Enter your mobile number or email address below and we'll send you a link to download the free Kindle App. Then you can start reading Kindle books on your smartphone, tablet, or computer - no Kindle device required.
To get the free app, enter your email address or mobile phone number.
Patton: Ordeal and Triumph Paperback – May 3, 2005
Frequently Bought Together
Customers Who Bought This Item Also Bought
About the Author
Ladislas Farago (1906-1980) is author of many books, including The Game of the Foxes, The Broken Seal, Strictly from Hungary, and The Last Days of Patton, also available from Westholme
If you’re the author, publisher, or rights holder of this book, let ACX help you produce the audiobook.Learn more.
Top Customer Reviews
General George S. Patton, Jr. has been one of my lifelong heros so it's no surprise that I'm taken to books on him. I'm also a realist concerning him and will be the first to concede that the man was far from perfect in his personal life as well as a military leader. Ladislas Farago's epic biography does the supreme job of telling the whole story, from both sides of the fence, including Patton's triumphs of military genius to his emotional breakdowns and insecurities which lead many times to him weeping openly in front of his staff.
But this is so much more than just a book on Patton. Ordeal and Triumph is an exciting, easy to understand walk through the African and European theaters of WWII and it's pivotal battles. Where Farago writes in great detail, he never gets overburdened with details. At just under 900 pages, you may wonder how that can be but he takes Patton from his ancestry up through his days in Europe after the war, and chronicles not only the battles, but all that went on before and after, including the baffoonery that happened on a daily basis within both the British and American military commands.
And that's one of the scary revelations that is brought out time and again in Ordeal And Triumph. Between Montgomery, Bradley and Eisenhower, it now looks like it was only by the grace of Providence that the Allies won the war at all. The combined military leadership was timid, reserve, old school, by the book that was decades and even centuries old, head strong, non-creative, and just plain stupid in just about everything they did, UNTIL Patton was released in France with the Third Army. And even then, he was hampered until finally Bradley let him loose.Read more ›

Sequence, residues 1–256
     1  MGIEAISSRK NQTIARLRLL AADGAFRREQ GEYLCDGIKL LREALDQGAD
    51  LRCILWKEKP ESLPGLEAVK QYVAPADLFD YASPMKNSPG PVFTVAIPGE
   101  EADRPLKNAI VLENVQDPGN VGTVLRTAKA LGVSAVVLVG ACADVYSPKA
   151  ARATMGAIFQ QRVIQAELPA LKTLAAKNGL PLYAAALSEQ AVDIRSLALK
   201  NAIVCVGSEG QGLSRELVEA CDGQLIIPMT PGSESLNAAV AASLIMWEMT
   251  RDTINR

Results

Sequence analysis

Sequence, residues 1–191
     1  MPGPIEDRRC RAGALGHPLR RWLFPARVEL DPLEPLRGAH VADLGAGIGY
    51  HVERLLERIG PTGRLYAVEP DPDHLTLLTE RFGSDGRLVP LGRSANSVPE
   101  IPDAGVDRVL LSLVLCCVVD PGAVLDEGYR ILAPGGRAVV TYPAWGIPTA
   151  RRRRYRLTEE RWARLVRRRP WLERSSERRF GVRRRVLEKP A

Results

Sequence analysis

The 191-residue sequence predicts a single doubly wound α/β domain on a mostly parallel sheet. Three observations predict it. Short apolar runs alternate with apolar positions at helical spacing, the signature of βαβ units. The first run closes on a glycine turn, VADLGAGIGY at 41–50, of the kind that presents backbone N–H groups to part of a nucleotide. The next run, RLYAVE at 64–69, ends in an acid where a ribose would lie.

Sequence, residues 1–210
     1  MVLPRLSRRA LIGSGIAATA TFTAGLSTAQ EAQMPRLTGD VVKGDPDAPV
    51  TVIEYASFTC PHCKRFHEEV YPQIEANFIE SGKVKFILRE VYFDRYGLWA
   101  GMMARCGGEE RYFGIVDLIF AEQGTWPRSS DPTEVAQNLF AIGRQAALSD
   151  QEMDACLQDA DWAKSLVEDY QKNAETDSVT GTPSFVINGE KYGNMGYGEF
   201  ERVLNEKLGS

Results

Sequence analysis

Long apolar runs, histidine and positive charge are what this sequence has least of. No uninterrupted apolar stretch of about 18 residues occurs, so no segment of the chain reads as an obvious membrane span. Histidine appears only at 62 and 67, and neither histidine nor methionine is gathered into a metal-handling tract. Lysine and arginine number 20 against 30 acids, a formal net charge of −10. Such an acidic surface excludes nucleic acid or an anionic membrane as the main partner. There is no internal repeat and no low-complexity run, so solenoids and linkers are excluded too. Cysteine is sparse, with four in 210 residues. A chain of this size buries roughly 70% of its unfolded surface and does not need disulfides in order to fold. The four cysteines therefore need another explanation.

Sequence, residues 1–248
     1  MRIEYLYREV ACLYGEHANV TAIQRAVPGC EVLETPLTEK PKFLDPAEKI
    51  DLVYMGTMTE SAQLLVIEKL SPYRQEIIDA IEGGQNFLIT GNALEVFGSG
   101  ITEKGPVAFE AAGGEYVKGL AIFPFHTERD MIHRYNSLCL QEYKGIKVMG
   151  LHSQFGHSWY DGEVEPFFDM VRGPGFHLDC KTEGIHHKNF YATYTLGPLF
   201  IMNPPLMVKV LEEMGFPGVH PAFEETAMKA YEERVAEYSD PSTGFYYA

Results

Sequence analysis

Author Ladislas Farago informs the reader of Patton's ancestry, beginning with his immigrant ancestor who, presumably, left Scotland to avoid debtors, justice, or both. He continues with the Congressman and series of generals, including ones who died in the Revolution and Civil War, in Patton's line. He brings us to the subject who, he tells us, grew up on a ranch in California, where he made the acquaintance of Rudyard Kipling and John S. Mosby.
Patton's own tale is larger than life. His days at VMI and West Point are mentioned, but they are not the focus of the story. The focus is Patton's active duty career. He saw action with Pershing in Mexico and World War I, where he was introduced into the world of armored warfare.
This book enables the reader to understand the crucial role which Patton, in cooperation with Eisenhower and others, played in bringing tanks into the American arsenal. Having taken command of the tank corps in World War I, he tested its potentials. Between the wars he maintained his research into armor, preparing for the day when the U.S. Army would embrace the weapon.
Throughout this work, Patton is shown as a leader whose dash and unconventional behavior is the key to his notoriety and success. In his first tank action, at St. Mihiel, Patton incurred the wrath of his superiors by extending his attack far beyond its expectations in a spectacular, but undisciplined advance.Read more ›
Most Recent Customer Reviews
I've read several books regarding Patton. This is the one I like the best. The author takes time to give more background on what got Patton ticking and how he processed intel. Read morePublished 13 days ago by Lawrence J. Corvari
They don't write books like this anymore. Thick as an abridged dictionary, you won't read this in one night, much less one week. Read morePublished 1 month ago by Jonathan Swift
Farago celebrates Patton's genius as a tactician and strategist, as an inspirer of men, and as a romantic yet broadminded soldier. Read morePublished 2 months ago by HH
This is a great book. I'm a WWII fan and Patton is one of my favorite characters. My father served in 3rd Army. Read morePublished 3 months ago by RichGil
The movie Patton appears to have been taken from this book. If you want details this is the book for you. It was a little too much for me.Published 3 months ago by Irene Bandy
Provides details of Patton's life and wartime experience that I have not read in other biographies. Very good read.Published 4 months ago by Hunter1955
Reveals that some of our nations friends are not truly friends. The study of the past reveals the future. General Patrons journey also reviled the dangers of a biased press. Read morePublished 5 months ago by Jessie